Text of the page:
DNR - Entomology Weekly Review, August 25

Entomolo weekly

Weekly Review for August 25, 2021

This informal report by the Division of Entomology & Plant Pathology is a commentary on insects, diseases, and curiosities division staff encounter on a week-to-week basis. Comments and questions about this report are welcome and can be sent to your respective Inspector.

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Vince Burkle (Nursery Inspector & Compliance Officer) - VBurkle@dnr.IN.gov

Japanese beetles are still very active. While inspecting in Adams, LaGrange, and Wells counties, I observed adults feeding on a variety of trees and shrubs including roses, elm, blackberry, grape, peach, hydrangea, crabapple, cherry, filbert, pussy willow, linden, Norway maple, and bald cypress. The elms and linden were the most severely damaged. Tar spot was heavy on Norway, red and 'Autumn Blaze' maples. Powdery mildew was present to varying degrees on plane tree, tulip poplar, dogwood, and Columbine. In Adams County aphids were feeding heavily on mums. On some plants many of the stems at the base of the plant had hundreds of aphids on them. Damage from red headed flea beetle was frequently encountered on weigela, sweetspire (Itea), hydrangea, and ninebark. Additionally, bagworms were found on blue spruce and arborvitae and leafy bud gall midge was found on chinkapin oak.


Angela Rust (Nursery Inspector & Compliance Officer) - ARust@dnr.IN.gov

I have included a photo of anthracnose on pecan, caused by the fungus Colletotrichum sp. Anthracnose may reduce yield and quality of nuts. Management with fungicides may be needed. Other pest and disease issues may cause similar symptoms on pecan, so samples of leaves with suspect symptoms should be laboratory tested for confirmation of the correct problem.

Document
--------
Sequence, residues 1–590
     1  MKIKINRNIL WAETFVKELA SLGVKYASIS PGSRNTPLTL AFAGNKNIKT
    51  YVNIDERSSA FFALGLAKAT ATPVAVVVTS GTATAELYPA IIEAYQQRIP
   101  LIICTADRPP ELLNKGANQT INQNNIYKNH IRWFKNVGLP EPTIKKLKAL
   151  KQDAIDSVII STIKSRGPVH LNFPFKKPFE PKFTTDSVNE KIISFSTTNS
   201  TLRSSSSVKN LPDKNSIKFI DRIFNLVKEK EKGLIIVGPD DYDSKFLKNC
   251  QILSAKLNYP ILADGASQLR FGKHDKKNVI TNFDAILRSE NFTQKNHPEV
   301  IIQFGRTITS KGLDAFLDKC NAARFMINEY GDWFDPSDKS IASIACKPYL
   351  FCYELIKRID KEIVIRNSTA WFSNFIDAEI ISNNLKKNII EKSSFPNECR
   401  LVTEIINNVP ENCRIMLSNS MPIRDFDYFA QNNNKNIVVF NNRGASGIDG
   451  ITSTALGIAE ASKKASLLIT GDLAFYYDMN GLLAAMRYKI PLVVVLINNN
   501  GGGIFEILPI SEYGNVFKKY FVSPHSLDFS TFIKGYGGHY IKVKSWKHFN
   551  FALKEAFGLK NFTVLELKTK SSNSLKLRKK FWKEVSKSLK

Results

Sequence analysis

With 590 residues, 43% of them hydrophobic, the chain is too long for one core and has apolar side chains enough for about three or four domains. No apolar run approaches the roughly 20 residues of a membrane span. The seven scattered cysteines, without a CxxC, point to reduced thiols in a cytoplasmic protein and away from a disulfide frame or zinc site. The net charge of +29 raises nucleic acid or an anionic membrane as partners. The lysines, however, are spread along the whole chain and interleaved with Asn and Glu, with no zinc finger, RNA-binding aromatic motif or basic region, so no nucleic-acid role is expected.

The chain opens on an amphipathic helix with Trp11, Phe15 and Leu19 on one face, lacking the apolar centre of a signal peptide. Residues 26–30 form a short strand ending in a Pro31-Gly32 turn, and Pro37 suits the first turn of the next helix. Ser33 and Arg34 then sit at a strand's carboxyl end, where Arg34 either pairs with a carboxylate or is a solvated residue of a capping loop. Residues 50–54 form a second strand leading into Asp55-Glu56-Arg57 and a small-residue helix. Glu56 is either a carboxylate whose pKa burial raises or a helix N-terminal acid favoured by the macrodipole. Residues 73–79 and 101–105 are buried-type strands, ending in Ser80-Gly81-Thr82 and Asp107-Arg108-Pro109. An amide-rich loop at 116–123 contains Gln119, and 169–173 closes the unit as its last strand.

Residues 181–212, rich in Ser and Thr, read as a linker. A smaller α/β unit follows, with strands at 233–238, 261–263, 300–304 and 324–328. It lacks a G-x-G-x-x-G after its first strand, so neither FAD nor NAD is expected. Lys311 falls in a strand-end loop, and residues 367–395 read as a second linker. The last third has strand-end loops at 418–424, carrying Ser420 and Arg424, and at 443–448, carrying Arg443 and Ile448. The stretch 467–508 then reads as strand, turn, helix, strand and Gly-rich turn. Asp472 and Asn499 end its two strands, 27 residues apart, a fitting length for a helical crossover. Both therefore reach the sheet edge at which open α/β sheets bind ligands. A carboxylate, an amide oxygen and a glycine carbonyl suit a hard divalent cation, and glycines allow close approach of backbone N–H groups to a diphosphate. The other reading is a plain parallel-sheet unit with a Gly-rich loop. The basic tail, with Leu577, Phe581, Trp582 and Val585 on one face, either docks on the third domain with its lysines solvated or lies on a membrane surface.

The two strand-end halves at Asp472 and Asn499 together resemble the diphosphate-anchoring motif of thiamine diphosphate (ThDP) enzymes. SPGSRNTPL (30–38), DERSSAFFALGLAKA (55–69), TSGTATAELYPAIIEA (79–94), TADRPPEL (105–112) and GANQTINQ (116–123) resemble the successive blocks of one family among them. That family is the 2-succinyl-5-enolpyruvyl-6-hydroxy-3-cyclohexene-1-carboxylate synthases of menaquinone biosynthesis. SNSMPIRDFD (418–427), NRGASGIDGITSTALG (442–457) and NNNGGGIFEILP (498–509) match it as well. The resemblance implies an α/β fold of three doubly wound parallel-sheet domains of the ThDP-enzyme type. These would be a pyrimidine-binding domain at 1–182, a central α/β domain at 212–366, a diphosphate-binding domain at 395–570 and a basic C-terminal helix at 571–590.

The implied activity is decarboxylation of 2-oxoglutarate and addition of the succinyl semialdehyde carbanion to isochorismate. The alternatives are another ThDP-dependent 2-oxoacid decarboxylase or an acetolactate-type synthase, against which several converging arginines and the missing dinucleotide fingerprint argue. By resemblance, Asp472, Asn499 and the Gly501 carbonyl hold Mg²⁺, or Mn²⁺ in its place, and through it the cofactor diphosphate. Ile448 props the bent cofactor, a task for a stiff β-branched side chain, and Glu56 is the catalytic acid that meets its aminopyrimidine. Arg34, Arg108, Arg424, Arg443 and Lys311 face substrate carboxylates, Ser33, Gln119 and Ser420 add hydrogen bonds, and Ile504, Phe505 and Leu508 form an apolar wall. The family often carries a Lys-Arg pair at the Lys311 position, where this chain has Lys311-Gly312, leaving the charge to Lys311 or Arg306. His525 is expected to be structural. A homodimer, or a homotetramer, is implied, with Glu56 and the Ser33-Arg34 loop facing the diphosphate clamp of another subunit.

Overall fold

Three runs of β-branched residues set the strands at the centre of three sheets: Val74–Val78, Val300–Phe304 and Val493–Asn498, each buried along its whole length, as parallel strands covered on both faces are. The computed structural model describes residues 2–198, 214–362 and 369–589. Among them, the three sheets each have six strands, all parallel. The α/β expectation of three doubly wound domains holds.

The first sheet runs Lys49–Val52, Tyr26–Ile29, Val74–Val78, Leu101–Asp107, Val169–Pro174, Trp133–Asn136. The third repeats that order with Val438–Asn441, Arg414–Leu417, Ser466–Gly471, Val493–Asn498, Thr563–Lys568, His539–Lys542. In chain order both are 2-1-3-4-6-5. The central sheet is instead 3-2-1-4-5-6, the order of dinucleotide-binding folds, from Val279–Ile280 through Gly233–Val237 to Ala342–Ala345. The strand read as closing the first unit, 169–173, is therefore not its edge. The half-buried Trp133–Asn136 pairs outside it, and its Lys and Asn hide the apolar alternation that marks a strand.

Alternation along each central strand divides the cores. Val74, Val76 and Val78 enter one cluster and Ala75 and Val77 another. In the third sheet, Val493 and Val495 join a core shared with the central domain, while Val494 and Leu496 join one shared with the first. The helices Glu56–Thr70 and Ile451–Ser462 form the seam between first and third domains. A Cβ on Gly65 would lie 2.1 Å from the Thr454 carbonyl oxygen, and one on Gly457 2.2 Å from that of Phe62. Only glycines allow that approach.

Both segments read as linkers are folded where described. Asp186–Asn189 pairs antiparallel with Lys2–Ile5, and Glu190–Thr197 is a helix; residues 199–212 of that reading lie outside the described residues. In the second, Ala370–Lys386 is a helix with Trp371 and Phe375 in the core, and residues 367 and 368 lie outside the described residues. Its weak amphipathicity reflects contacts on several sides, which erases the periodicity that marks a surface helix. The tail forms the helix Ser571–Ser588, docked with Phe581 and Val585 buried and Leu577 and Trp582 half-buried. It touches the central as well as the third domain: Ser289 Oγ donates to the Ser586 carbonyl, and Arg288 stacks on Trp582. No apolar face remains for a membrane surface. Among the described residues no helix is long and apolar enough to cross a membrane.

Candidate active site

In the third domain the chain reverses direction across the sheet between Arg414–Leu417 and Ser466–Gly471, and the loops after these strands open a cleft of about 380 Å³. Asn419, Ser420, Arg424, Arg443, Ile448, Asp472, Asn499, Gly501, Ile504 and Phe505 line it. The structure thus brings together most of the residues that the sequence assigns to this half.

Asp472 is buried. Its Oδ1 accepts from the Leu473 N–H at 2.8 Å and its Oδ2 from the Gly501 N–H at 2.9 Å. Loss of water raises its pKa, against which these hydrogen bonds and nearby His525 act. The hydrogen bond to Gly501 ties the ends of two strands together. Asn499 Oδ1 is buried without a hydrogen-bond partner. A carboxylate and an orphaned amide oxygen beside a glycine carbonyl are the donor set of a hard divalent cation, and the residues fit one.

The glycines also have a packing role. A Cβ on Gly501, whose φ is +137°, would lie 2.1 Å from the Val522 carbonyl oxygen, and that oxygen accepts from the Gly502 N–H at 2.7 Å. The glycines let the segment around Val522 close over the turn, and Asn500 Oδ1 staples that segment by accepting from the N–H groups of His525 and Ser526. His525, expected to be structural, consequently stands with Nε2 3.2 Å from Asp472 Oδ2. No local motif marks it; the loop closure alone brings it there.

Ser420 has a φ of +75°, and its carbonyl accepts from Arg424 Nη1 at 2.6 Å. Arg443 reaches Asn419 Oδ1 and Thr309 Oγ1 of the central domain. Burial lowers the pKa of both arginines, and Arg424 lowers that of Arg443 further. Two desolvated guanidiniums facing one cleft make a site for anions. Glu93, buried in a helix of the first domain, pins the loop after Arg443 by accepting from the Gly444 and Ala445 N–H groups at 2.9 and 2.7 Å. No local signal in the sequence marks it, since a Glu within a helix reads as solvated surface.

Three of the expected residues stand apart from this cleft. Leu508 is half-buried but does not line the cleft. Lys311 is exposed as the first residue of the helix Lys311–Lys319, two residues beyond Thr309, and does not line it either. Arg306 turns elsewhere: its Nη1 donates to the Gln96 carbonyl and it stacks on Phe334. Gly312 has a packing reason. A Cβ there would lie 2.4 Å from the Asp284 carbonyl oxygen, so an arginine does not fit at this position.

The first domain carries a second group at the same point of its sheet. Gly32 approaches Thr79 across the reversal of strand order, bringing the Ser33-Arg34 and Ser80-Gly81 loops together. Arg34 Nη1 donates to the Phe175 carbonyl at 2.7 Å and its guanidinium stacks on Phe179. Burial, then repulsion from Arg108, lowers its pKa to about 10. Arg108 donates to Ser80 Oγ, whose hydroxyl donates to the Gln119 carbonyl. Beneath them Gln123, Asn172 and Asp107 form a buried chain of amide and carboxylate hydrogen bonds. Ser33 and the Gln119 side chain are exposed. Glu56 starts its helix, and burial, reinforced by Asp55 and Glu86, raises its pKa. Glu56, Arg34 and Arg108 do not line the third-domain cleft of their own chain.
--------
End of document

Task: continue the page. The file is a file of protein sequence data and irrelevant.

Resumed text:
Kathleen Prough (Chief Apiary Inspector) - KPrough@dnr.IN.gov

Beekeepers need to watch this heat, not so much for the bees, but yourself. The best time to get in the hives is 7 to 10 a.m. After 10, it is starting to get too hot to work your bees.

Many beekeepers are taking off honey. Some honey is still coming into hives in certain parts of the state, mostly in places that received some rain the past couple of weeks.

Beekeepers need to get in their hives to inspect the brood area. Make sure the queen has room to move down and lay eggs in the bottom brood box. Watch out for frames that contain all old pollen. These frames should be replaced if you have drawn comb to replace it with. If do not have drawn comb, move these frames to position 1 or 10 in a 10-frame brood hive and make a note to replace these next spring. 

It is also time to get Varroa mite treatments started. While this week is too hot to treat with Formic Pro, the other treatments should be fine. If you are going to use ApiVar strips, you need to get them in now so you can take the strips out by the end of September.

No reports this week

Megan Abraham (Division Director & State Entomologist) - MAbraham@dnr.IN.gov

Eric Biddinger (Nursery Inspector & Compliance Officer) - EBiddinger@dnr.IN.gov 

Eric Bitner (Nursery Inspector & Compliance Officer) - EBitner@dnr.IN.gov

Kallie Bontrager (Nursery Inspector & Compliance Officer) - KBontrager@dnr.IN.gov

Ken Cote (Nursery Inspector & Compliance Officer) - KCote@dnr.IN.gov

Ren Hall (Nursery Inspector & Compliance Officer) RHall@dnr.IN.gov

Phil Marshall (State Forest Health Specialist) - PMarshall@dnr.IN.gov

Jared Spokowsky (Nursery Inspetor & Compliance Officer)Jspokowsky@dnr.IN.gov

Kristy Stultz (Nursery Inspector & Compliance Officer) - KStultz@dnr.IN.gov

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